Digital Champion sponsored by Konica Minolta
Awarded to a blogger, vlogger, Tweeter, Instagrammer, YouTuber, Tumblrite and any individual online creator originating in the UK, who embrace digital media to raise awareness about mental health or to support the mental health community.
Winner: Charlotte Mullin, Chuck Draws Things
Through an ongoing, non sequential comic, Charlotte details her experiences of living with anxiety and depression as told through pigeons. Charlotte believes pigeons have an undeserved negative reputation, and as somebody who is constantly subjected to her anxiety grinding her own self-worth down, she can relate.
Through Chuck Draws Things Charlotte aims to challenge the one-dimensional view of anxiety and depression and to help people feel less isolated and more understood.
Anneli is a survivor of domestic abuse, with a diagnosis of post-traumatic stress disorder. She documents her recovery and draws raises awareness of her mental illness through her blog Pigletish, podcast Pigletish Talks, and Twitter and YouTube profiles.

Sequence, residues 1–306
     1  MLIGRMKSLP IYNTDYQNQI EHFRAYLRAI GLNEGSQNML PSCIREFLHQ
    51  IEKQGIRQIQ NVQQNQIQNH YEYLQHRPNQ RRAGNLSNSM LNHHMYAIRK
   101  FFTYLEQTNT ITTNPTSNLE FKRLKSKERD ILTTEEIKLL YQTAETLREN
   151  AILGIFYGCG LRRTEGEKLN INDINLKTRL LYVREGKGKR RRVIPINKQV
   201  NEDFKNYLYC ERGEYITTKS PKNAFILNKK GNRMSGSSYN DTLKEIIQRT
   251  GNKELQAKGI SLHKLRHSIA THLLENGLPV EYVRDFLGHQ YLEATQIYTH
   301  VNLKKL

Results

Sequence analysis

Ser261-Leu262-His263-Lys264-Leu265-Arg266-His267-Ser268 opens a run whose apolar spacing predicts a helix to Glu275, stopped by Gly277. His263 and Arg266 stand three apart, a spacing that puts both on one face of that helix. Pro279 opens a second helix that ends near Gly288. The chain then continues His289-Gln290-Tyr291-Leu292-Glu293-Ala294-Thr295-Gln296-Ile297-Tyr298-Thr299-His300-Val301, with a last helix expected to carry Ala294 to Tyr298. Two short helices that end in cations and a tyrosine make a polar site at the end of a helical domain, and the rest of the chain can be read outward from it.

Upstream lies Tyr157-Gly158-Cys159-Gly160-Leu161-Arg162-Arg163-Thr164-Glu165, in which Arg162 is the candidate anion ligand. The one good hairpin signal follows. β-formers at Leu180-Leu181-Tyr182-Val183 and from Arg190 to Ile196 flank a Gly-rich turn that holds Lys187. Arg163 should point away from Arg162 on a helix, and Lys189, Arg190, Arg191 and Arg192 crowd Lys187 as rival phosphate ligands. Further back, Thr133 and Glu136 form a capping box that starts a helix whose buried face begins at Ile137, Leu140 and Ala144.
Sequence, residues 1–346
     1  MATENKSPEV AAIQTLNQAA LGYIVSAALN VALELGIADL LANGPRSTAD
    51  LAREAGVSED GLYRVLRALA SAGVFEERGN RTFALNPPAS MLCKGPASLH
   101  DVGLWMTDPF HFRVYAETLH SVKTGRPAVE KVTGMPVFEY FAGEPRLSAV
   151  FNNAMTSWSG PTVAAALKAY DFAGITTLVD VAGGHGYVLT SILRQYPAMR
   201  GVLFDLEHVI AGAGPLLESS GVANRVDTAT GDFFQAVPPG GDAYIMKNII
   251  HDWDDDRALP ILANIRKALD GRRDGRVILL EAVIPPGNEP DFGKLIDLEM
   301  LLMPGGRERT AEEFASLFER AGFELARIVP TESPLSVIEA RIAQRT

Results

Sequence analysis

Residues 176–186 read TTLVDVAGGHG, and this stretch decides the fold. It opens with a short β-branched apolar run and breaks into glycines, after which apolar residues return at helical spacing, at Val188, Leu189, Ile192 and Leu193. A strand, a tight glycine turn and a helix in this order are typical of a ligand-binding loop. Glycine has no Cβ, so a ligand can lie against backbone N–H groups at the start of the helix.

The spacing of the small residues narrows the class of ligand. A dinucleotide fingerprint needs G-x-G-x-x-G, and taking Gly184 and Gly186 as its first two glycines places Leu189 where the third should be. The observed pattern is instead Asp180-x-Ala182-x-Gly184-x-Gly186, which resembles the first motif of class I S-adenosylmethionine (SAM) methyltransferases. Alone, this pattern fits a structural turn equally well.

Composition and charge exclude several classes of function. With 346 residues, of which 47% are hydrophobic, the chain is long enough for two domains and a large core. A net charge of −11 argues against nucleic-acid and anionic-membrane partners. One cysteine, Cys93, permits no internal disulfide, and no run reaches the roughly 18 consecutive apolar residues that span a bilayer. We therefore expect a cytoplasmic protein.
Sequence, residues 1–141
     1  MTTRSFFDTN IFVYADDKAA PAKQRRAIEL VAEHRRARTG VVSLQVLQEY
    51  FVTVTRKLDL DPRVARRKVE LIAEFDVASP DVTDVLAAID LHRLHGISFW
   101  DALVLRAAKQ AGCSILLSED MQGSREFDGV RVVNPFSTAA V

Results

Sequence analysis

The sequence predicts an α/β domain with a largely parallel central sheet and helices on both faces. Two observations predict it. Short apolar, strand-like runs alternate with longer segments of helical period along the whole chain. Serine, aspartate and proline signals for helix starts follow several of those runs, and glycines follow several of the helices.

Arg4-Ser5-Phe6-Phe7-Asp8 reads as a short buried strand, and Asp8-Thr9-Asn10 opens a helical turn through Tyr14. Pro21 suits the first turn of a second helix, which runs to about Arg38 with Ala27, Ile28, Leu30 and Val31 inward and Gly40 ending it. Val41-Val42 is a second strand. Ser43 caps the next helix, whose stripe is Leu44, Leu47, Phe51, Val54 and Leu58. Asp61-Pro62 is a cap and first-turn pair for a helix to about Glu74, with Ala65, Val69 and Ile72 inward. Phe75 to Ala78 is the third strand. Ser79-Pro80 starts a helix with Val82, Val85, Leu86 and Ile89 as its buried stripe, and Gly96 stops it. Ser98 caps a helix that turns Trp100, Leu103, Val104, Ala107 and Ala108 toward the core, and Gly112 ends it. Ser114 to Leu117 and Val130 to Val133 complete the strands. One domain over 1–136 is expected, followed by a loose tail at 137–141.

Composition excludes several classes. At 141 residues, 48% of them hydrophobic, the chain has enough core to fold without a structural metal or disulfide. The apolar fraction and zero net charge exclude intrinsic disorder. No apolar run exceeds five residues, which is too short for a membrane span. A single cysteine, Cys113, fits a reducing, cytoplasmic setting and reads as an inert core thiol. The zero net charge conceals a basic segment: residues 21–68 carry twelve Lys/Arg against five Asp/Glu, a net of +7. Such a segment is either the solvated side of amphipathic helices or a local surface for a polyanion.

Anneli believes that, as a response to the lack of treatment available in the UK, there needs to be more emphasis on peer-to-peer support so people with a mental illness don't feel ashamed or alone.
We're All Mad Here
In response to a BBC report that revealed 300,000 people in the UK leave their jobs every year as a direct result of a mental health condition, Claire wrote a piece on how to Be Mental Health Savvy at Work for her blog We're All Mad Here. In it she discusses mental health in the workplace, how important it is to take care of our minds and shares her top tips.
Wot I Learnt
On her blog Wot I Learnt, Kate shares her experiences of living with anorexia, clinical depression and anxiety. Her posts take a realistic and non-food related approach in discussing topics related to anorexia. Since, she's been a guest on BBC Radio 4's Saturday Live.
Katie writes about her own experiences of bipolar disorder, psychosis and bulimia, hoping to be a voice for one of the most vulnerable groups in society.
Sharing her story began as a therapeutic outlet, but Stumbling Mind has evolved to become a safe place for discussion and the offering of advice. The posts range from journal entries that describe psychotic episodes, to advice on how to approach a GP if you feel you may have bipolar disorder.